more user-friendly pricing. The three focal lengths offered cover the
most-used range with 6x6cm cameras. A Rollei 50mm f/4 Distagon HFT EL
consists of seven elements, focuses to 0.9m, and accepts 67mm filters.
The Rollei 80mm f/2.8 Planar HFT EL also features seven elements, focuses
to 0.9m, and takes 67mm filters. The last of the trio is the Rollei 150mm
f/4 Sonnar HFT EL, with five elements, 1.4m close focus distance, and
common 67mm filter size. Bayonet lens hood mounts are retained with the
Rollei was also demonstrating their new Gamma C4 one-shot/multi-shot digital
back for 6000 series cameras. Performance was impressive, but, as with
all current digital backs of this professional/industrial caliber, you
could buy a very nice car for the same money.
Eye orbital lens shift adapter.
The Rolleivision 66 dual P
slide projector was on display, a fully automatic, autofocus 6x6cm machine
that can also project 35mm slides (not intermixed). Two projectors can
be paired with an external control unit for programmed AV dissolve presentations.
Beseler introduced a unique, 6x9cm format pinhole camera kit. Made in
Switzerland, it was designed by a professor at the Basel School of Design
who for 20 years used it to teach pinhole technique. Constructed of heavy,
die-cut cardboard, and supplied with a piece of metal shim stock laser-drilled
with a 0.3mm pinhole. An assembly manual and a roll of 120 Ilford black
and white film are included. This simple kit is a great class project
and teaching tool. At $39.95 it's also a good way to experiment
with pinhole photography, before deciding to shuck out for one of the
many wooden cameras available from various sources.
Polaroid announced the Polaroid Daylab 120 instant transparency printer,
a new medium format model of the well-known Daylab daylight printers.
Photographers can now use unmounted 6x6cm and 6x7cm transparencies (no
35mm) to make instant prints, image transfers, and emulsion transfers
on 3x4, 4x5, and 8x10 Polaroid materials, including SX70 manipulations.
Built-in, microprocessor-controlled, autoexposure via the unit's
integral electronic flash makes operation straightforward and simple.
The head uses separate acetate or gelatin filters, and is compatible with
previous Daylab bases.
Another nominally medium format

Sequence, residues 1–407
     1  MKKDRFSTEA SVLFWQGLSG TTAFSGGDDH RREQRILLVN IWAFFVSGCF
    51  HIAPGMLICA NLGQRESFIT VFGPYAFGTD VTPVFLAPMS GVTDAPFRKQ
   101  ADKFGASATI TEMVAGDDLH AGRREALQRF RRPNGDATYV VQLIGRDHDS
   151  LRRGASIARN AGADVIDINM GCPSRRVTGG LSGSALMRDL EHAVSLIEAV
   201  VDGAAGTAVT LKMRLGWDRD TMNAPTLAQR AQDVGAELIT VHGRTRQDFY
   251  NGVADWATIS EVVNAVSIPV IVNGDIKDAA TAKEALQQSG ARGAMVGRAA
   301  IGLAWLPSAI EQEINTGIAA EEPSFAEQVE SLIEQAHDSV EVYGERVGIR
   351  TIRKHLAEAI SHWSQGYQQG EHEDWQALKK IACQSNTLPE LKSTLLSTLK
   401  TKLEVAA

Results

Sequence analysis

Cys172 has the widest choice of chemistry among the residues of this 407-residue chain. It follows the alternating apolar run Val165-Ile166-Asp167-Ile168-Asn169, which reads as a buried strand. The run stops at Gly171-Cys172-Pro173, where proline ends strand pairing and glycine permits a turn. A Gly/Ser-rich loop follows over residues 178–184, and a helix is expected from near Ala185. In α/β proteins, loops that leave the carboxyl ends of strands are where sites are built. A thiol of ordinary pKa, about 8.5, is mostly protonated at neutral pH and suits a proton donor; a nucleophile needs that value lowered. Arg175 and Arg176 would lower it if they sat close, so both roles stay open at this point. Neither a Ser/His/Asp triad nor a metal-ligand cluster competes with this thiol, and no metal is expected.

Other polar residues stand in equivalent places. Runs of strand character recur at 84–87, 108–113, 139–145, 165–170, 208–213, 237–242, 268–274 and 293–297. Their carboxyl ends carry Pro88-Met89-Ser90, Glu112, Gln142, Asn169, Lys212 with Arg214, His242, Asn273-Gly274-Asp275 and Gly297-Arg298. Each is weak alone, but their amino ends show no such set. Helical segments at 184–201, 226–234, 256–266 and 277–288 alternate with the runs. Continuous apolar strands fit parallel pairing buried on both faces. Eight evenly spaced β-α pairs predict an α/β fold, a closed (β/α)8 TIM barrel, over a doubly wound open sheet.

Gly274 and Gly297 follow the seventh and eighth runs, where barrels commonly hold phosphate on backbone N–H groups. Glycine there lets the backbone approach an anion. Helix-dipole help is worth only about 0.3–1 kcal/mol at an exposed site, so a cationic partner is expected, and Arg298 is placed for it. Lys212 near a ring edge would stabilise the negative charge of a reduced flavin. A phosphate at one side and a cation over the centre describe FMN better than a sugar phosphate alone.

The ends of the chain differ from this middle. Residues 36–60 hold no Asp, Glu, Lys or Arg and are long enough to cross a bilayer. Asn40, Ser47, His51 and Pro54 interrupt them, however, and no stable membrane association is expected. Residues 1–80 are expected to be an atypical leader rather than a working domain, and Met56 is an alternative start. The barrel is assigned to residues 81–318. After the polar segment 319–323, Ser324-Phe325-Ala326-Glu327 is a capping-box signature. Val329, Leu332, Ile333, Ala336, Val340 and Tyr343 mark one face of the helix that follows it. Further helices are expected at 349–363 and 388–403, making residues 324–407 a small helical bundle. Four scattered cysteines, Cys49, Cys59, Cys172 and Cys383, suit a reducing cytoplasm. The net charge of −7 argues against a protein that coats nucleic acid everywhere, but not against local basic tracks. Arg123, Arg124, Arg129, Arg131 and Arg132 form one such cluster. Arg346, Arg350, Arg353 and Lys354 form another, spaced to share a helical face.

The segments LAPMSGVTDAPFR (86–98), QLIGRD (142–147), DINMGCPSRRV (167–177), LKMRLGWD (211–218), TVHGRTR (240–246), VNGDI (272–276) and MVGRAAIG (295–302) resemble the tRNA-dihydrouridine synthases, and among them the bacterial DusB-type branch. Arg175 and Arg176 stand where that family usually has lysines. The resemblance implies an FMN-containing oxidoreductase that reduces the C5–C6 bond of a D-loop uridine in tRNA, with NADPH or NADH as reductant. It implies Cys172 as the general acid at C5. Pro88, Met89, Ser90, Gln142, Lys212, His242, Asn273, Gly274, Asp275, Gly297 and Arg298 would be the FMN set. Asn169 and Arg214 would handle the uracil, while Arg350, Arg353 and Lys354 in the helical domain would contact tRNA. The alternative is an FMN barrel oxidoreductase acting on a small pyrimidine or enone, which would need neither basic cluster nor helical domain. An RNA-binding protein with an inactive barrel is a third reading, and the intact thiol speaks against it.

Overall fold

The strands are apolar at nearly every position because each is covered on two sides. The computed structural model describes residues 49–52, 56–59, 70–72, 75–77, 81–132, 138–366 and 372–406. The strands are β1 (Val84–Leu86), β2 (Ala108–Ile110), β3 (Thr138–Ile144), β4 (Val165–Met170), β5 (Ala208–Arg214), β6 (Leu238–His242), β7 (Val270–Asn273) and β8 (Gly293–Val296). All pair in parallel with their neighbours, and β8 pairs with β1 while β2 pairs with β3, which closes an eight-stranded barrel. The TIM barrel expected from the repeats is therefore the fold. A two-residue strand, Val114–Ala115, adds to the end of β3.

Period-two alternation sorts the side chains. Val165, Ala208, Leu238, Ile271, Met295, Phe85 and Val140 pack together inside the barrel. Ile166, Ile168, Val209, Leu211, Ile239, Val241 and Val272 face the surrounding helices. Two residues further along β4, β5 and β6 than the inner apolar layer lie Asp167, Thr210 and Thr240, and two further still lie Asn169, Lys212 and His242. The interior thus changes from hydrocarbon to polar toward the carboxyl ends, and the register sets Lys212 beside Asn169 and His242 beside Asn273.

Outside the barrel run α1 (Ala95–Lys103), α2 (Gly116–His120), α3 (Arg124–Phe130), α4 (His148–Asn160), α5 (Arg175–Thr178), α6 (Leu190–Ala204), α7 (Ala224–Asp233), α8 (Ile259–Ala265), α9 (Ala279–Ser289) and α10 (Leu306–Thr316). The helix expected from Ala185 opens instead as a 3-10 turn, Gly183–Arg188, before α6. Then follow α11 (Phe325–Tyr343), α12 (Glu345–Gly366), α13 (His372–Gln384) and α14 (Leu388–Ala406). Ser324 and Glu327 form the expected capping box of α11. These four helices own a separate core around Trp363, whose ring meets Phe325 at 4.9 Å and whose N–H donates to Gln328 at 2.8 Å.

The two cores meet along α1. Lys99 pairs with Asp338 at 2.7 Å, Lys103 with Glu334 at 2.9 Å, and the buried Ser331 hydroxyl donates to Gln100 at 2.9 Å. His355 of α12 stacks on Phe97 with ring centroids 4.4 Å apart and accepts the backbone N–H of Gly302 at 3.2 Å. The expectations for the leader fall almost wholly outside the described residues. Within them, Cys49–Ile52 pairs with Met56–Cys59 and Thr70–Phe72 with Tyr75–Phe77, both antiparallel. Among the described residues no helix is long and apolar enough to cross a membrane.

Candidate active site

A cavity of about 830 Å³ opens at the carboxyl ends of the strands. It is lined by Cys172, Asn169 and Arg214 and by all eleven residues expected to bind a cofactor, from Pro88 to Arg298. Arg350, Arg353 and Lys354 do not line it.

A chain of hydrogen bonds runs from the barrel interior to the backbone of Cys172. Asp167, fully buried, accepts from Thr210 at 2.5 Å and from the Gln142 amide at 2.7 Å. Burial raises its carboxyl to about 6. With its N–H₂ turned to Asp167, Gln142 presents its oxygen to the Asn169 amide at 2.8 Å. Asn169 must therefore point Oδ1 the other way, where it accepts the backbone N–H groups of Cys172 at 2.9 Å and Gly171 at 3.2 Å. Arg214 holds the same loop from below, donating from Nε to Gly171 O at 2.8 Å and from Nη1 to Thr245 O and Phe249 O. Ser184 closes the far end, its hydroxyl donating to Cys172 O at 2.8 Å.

item from Polaroid was a new single-use instant camera dubbed PopShots.
The compact, ergonomically shaped camera produces 10 4.4x2.5" color
prints. To take a picture, the user simply throws a bright yellow switch
to an indoor or outdoor setting (flash/no flash), composes the scene in
the viewfinder, presses the shutter release, then pulls a ring on the
side of the camera to eject the externally developing print. PopShots
features two apertures (f/32 outdoors; f/13.4 with flash), variable shutter
speeds, and real-time exposure metering. How will Polaroid encourage people
to recycle these instant cameras? By packaging a postage-free return mailer
with the camera; by entering all returns in a sweepstakes that offers
prizes such as CD players and a trip for four to anywhere in the world;
and a $2 coupon good for PopShots or other Polaroid products. A $4 rebate
is offered to customers who return the $19.99 (list) camera for recycling.
Giancarlo Gardin, of Milan, Italy, was showing a neat item called Free
Eye. It is a "universal, multi-format lens shifting system,"
which allows shifting the camera lens up, down, left, right, or diagonally
for perspective control applications. It can do so because it employs
an orbital arrangement of movement, rather than the usual rack movement.
In practice, you use lenses from the next larger format than the camera
you're shooting with, in order to obtain an adequate image circle
when shifting. For example, if shooting with a 6x4.5cm or 6x6cm camera,
use 6x7cm (or greater) format lenses. Although illustrated on a 35mm SLR
(adapted via T2 adapters), the device is applicable to most medium format
cameras, as well as some digital models. Southpaws can order Free Eye
with the clamping lever on the left for greater convenience.
NPC has announced availability
of a new Proback for the recently introduced Pentax 67 II. The Proback
allows use of Polaroid proofing films, and does so without compromising
any camera features, or having to transfer any camera controls to the
back of the Polaroid film chamber. It is no longer necessary to pre-cock
the shutter before attaching the Proback, as it was with the previous
Pentax 67. The focal plane is shifted to that of the Proback via a fused,
coherent fiber optic bundle. It produces a full 6x7cm contact image. Due
to the design of the 67 II body, a new, double live pin hinge must be
JustRite has a new medium format camera bracket that highly mobile shooters
such as wedding photographers will line up for. One of those, "Why
didn't I think of that?" items, its signature feature, is
a set of four feet that let you set a camera/flash combination down without
having to lay your multi-thousand dollar investment down on its side on/in
camera-hostile environments (e.g. dirt, wet grass). Available in five
versions to accommodate high and low-profile flashes, and with fixed or
tilting head, the JustRite bracket features a comfortable rubber grip;
a camera quick-release; rubber-tipped feet to protect furniture; a flash
mount that positions the flash head directly over the lens axis; a mounting
platform on the flash arm for a radio remote transmitter for triggering
slave lights. The bracket is sturdy, well-balanced, and shows a lot of
Studio electronic flash units were well represented, both monolights and
separate power pack/head combinations, as well as a couple of impressive